Political Science: A Philosophical Analysis

By Vernon Van Dyke | Go to book overview
Save to active project


When we speak of the White House or of Khrushchev or of the bomb dropped at Hiroshima, our words are specific and designate the concrete. They identify things or persons or events, and have only one application. Such specific, concrete words are, of course, indispensable. At the same time, if we were limited to such words, we would suffer a handicap that might well be fatal to the development of knowledge. We could make remarks about one or a few specific and concrete items, but the more of them we tried to comment about, the more of our time we would have to spend simply in naming the items. No remark about human beings in general would be possible without naming all of them individually.

We handle this problem by an obvious but fundamentally important process. That is, we note likes and unlikes, similarities and differences; we see patterns or groups or classes or combinations of items. And then we name or otherwise identify what seem to belong together, and talk about the items named collectively. Thus we can speak of men and women without naming them individually; and we can speak of states, politicians, voters, purposes, and so on. We can think in terms of classes or categories or types rather than in terms of the multitude of separate items involved.

Four words are important in describing and understanding this process and the benefits derived. They are abstraction, classification, concept, and generalization. Our purpose now is to explore their meaning and significance, and the interrelationships among them.


Notes for this page

Add a new note
If you are trying to select text to create highlights or citations, remember that you must now click or tap on the first word, and then click or tap on the last word.
Loading One moment ...
Project items
Cite this page

Cited page

Citations are available only to our active members.
Sign up now to cite pages or passages in MLA, APA and Chicago citation styles.

Cited page

Bookmark this page
Political Science: A Philosophical Analysis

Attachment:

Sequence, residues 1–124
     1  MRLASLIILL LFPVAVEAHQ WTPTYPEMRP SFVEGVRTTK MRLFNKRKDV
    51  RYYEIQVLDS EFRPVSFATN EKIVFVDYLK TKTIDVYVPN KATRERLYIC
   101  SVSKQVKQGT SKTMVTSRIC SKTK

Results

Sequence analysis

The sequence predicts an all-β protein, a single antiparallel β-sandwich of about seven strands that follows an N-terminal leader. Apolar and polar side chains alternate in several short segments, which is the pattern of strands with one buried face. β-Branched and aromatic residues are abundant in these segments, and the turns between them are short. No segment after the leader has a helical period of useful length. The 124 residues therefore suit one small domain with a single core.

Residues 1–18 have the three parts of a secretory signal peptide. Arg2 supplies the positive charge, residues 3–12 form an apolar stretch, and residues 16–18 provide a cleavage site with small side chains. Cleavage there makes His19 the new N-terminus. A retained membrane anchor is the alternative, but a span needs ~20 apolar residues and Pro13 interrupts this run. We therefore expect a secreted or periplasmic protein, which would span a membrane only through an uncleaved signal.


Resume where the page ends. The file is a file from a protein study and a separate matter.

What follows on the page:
Text size Smaller Larger
Search within

Search within this book

Look up

Look up a word

  • Dictionary
  • Thesaurus
Please submit a word or phrase above.
Print this page

Print this page

Why can't I print more than one page at a time?

While we understand printed pages are helpful to our users, this limitation is necessary to help protect our publishers' copyrighted material and prevent its unlawful distribution. We are sorry for any inconvenience.
Full screen
/ 235

matching results for page

Cited passage

Citations are available only to our active members.
Sign up now to cite pages or passages in MLA, APA and Chicago citation styles.

Cited passage

Welcome to the new Questia Reader

The Questia Reader has been updated to provide you with an even better online reading experience.  It is now 100% Responsive, which means you can read our books and articles on any sized device you wish.  All of your favorite tools like notes, highlights, and citations are still here, but the way you select text has been updated to be easier to use, especially on touchscreen devices.  Here's how:

1. Click or tap the first word you want to select.
2. Click or tap the last word you want to select.

OK, got it!

Thanks for trying Questia!

Please continue trying out our research tools, but please note, full functionality is available only to our active members.

Your work will be lost once you leave this Web page.

For full access in an ad-free environment, sign up now for a FREE, 1-day trial.

Already a member? Log in now.

Are you sure you want to delete this highlight?